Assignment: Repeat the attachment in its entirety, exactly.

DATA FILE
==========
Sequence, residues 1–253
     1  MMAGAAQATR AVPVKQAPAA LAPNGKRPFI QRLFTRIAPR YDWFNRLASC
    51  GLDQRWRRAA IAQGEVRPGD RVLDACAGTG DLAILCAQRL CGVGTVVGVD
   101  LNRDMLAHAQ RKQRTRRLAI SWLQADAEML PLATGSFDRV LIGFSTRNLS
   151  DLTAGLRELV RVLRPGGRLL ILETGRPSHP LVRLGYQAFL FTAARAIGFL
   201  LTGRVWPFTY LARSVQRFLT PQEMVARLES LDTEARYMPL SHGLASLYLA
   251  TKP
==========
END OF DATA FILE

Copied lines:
Sequence, residues 1–253
     1  MMAGAAQATR AVPVKQAPAA LAPNGKRPFI QRLFTRIAPR YDWFNRLASC
    51  GLDQRWRRAA IAQGEVRPGD RVLDACAGTG DLAILCAQRL CGVGTVVGVD
   101  LNRDMLAHAQ RKQRTRRLAI SWLQADAEML PLATGSFDRV LIGFSTRNLS
   151  DLTAGLRELV RVLRPGGRLL ILETGRPSHP LVRLGYQAFL FTAARAIGFL
   201  LTGRVWPFTY LARSVQRFLT PQEMVARLES LDTEARYMPL SHGLASLYLA
   251  TKP